1st attempt, 1909. A pair of wings only. Result, not a success.
2nd effort, early 1910. 1/2-size Wright glider (Photo enclosed). Flown in strong winds, anchored to 120 yards of fencing wire. Left ground successfully and rose 4 or 5 ft.
3rd effort. This machine was commenced beginning of 1910, and was on Farman lines, built entirely by myself and fitted with a 4-cyl. vertical air-cooled engine, 20 h.p., built in Melbourne by J. E. Tilly. After sundry experiments on July 16th, 1910, I did, amongst others, a hop of 24 ft. Various improvements, such as chain drive in place of belt, water-cooled heads, higher compression, and finally larger cylinders gradually increased the length of flights till at the end of September, 1910, I managed flights of about 100 yards (see Melbourne Leader, October 1st). On October 7th, 1910, before half-adozen spectators, I successfully covered a distance of 196 yards, rising about 12 it. high (Melbourne Argus, October 8th, 1910). These flights, as far as I know, were the first to be made in Australia by an Australian-built machine. They were published in various papers practically all over Australia as such and were never contradicted. Public opinion may be judged from the fact that I received an offer of L100 to make a flight from the Melbourne Cricket Ground in December on the day of a big cycle meeting. This I was forced to refuse, the ground being totally unsuitable. M. Cugnet, as mentioned in your article, agreed to make the attempt, but owing to the ground and want of power, it ended disastrously.
On January 25th, 1911, I gave a short exhibition flight for the benefit of the Sporting Editor and the Photographer of the Melbourne Argtis. This flight was evidently appreciated, as they gave five columns and photos in the next Saturday's issue, January 28th, 1911. In April, at the Bendigo Easter Fair, I exhibited the machine, and on the last day showed it running in the arena, a ground 160 yards long, in a hollow, and surrounded by tents and buildings. Although there was a 12-14 m.p.h. wind side on, I just managed to get off the ground, land, and pull up without damaging anything. Shortly afterwards May 3rd, at the Bendigo Race-course where there was more room. I did several flights, straights and semicircles of about three-quarters of a mile before about 1,000 spectators. These were the first flights ever seen in Bendigo and it was also the first time I ever had more than 400 or 500 yards of descent ground. These flights paid me very well, and covered the cost of a good bit of experimenting.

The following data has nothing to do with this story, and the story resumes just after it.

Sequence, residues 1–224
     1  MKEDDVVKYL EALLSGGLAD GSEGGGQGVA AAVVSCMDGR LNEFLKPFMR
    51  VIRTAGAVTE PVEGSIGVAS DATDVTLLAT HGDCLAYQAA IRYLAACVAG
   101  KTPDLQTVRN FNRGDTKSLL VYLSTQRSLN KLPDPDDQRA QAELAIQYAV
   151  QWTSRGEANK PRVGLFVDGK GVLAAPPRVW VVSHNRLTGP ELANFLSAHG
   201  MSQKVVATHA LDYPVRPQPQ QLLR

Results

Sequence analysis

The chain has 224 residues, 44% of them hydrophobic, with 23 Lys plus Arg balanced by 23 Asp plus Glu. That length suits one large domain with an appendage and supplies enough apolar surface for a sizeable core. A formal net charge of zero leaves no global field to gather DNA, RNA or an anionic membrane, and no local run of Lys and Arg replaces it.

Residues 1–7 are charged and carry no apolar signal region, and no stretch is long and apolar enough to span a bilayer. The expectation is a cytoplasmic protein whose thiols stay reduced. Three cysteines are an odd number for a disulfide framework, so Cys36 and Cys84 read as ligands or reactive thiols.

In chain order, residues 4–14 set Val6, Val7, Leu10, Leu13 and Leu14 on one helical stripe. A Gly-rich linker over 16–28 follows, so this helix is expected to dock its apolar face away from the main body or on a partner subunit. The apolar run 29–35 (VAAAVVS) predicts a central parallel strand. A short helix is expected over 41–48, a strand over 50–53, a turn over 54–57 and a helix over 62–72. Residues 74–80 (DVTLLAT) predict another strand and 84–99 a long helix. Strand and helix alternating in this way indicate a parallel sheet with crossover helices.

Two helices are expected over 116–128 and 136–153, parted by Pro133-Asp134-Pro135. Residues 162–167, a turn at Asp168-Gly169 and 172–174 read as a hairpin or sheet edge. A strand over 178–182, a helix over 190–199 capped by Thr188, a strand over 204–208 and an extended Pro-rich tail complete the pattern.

Last exhibition flight was on May 31st, when before Mayor Hedges, representing the Defence Department, Mr. W. F. Marshall, Hon. Sec, Aerial League of Australia (Victorian Section), and others at Mia Mia, I did several flights of about half a mile. My brother also flew the machine about 600 yards at 10 or 12 ft., this being only the tecond time he was ever on it. Wind 12-15 miles per hour by anemometer.
All these flights, judged by present-day performances, seem of course very puny, but considering the many difficulties, that all the work was done single-handed, and that total breakages were only a buckled wheel, a wing tip leading edge, and an upright broken, the results were I think encouraging. Anyway, it was, in the words of the great poet, "A small thing but mine own."